A day after tariff hike, Trump again raises import duty on goods worth USD 300 billion 

The new increase applies to an even greater value of goods put at about USD 300 billion.

Published: 11th May 2019 03:42 PM  |   Last Updated: 11th May 2019 05:09 PM   |  A+A-

Donald Trump (File | AP)


WASHINGTON: US President Donald Trump ordered a tariff hike on almost all imports from China after the latest round of talks to end the trade war between the world's two largest economies met a dead end on Friday.

While Beijing has denied of any obstacle in the negotiations and is cautiously optimistic to reach an agreement the trade war is set to escalate further. 

President Trump's latest move came less than a day after he ramped up punitive duties on USD 200 billion worth of Chinese imports, raising them to 25 per cent from 10 per cent, and Beijing vowed to retaliate.

The new increase applies to an even greater value of goods put at about USD 300 billion. US Trade Representative Robert Lighthizer said in a statement that Trump had "ordered us to begin the process of raising tariffs on essentially all remaining imports from China."

"Earlier today, at the direction of the President, the United States increased the level of tariffs from 10 per cent to 25 per cent on approximately USD 200 billion worth of Chinese imports," Lighthizer said.

"The President also ordered us to begin the process of raising tariffs on essentially all remaining imports from China, which are valued at approximately USD 300 billion," he said.

The process for public notice and comment will be published shortly in the Federal Register.

The latest Trump move came as China's top trade negotiator, Vice Premier Liu He, on Friday concluded his two days of trade talks with the US team led by Lighthizer. The 11th round of talks in Washington ended Friday with no deal, but the Chinese vice premier said the negotiations have not broken down.

"Negotiations have not broken down. Quite the opposite. I think they are normal. Small setbacks are inevitable in bilateral negotiations. Looking ahead, we are cautiously optimistic about the future," the Hong Kong-based South China Morning Post quoted him as saying.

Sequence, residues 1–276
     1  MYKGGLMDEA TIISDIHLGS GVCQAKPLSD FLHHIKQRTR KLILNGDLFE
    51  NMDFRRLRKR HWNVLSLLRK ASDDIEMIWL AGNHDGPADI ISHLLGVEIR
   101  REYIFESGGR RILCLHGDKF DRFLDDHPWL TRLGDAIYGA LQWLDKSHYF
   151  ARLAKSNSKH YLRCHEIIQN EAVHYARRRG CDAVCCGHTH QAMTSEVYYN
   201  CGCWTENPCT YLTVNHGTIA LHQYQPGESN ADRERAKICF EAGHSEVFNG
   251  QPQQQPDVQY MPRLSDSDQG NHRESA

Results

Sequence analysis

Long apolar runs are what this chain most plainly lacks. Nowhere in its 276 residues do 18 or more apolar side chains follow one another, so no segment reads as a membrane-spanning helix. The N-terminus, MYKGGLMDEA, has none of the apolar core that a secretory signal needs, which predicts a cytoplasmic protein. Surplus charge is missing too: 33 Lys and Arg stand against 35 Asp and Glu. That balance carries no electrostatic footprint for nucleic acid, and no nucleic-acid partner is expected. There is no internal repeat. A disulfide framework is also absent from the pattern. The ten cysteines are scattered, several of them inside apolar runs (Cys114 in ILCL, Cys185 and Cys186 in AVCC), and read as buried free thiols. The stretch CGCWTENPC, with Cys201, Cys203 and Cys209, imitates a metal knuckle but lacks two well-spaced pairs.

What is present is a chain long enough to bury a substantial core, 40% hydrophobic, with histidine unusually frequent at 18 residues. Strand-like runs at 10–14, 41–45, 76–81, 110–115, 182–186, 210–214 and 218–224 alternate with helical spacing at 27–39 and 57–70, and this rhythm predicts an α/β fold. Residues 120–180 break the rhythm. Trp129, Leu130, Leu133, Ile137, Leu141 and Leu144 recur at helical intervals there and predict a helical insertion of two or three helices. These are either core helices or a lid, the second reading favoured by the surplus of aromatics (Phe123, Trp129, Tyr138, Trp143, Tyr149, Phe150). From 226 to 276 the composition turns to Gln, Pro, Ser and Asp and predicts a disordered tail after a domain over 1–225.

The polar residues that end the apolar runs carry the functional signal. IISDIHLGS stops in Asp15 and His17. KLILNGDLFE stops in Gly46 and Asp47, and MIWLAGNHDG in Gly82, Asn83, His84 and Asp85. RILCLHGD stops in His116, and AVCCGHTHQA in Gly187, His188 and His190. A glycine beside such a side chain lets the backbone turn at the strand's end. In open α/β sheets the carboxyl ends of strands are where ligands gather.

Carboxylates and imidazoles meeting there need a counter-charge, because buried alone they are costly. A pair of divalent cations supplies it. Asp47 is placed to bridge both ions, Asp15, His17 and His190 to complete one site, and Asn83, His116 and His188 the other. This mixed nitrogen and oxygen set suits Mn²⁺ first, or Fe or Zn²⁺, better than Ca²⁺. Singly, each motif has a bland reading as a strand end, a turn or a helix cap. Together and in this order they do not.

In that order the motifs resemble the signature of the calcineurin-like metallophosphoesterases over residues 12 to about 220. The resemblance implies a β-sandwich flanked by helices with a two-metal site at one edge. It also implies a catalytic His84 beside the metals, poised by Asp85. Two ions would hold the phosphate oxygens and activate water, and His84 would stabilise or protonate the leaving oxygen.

In a series of tweets, Trump described the talks as candid and constructive but indicated taking a tough approach against the massive imbalance of trade with China.

"Over the course of the past two days, the United States and China have held candid and constructive conversations on the status of the trade relationship between both countries," Trump said, praising his relationship with Chinese President Xi Jinping and saying the negotiations would carry on.

"In the meantime, the US has imposed Tariffs on China, which may or may not be removed depending on what happens with respect to future negotiations!" Trump said.

He said tariffs will bring in "far more" wealth to the US than even a phenomenal deal of the traditional kind. 

Trump said he is in no rush to conclude trade talks with China.

"Talks with China continue in a very congenial manner - there is absolutely no need to rush - as Tariffs are NOW being paid to the United States by China of 25 per cent on 250 Billion Dollars worth of goods & products. These massive payments go directly to the Treasury of the US," he said.

"We have lost 500 Billion Dollars a year, for many years, on Crazy Trade with China. NO MORE!" Trump said. 

In a transcript of the press interview published on the website of Phoenix Television, a Hong Kong-based broadcaster, Chinese Vice President Liu said there were several issues on which the two sides still disagreed.

"China believes tariffs are the starting point of the bilateral trade disputes. If a deal is to be reached, the tariffs should all be eliminated. This is the first point," Liu said.

The second is related to China's promise to buy more goods from the US, he said.

"While an initial deal was reached when Chinese President Xi and US President Trump met in Argentina in December, the two sides now held different views on what had actually been agreed," Liu said.

"This is a very serious issue," he said, adding that the deal had to be both balanced and fair.


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